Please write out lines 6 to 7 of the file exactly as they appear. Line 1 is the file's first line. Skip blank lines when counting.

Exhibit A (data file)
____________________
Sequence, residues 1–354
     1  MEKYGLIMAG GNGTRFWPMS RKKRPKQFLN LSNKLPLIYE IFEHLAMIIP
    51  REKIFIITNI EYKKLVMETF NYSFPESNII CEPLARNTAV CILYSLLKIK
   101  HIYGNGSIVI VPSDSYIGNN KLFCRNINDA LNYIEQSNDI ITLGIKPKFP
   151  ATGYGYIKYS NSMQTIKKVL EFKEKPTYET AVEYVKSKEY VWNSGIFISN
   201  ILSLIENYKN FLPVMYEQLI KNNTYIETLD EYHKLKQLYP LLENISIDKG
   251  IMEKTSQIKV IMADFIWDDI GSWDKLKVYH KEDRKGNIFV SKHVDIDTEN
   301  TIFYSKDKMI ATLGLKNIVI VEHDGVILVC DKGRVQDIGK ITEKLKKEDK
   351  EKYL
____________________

   201  ILSLIENYKN FLPVMYEQLI KNNTYIETLD EYHKLKQLYP LLENISIDKG
   251  IMEKTSQIKV IMADFIWDDI GSWDKLKVYH KEDRKGNIFV SKHVDIDTEN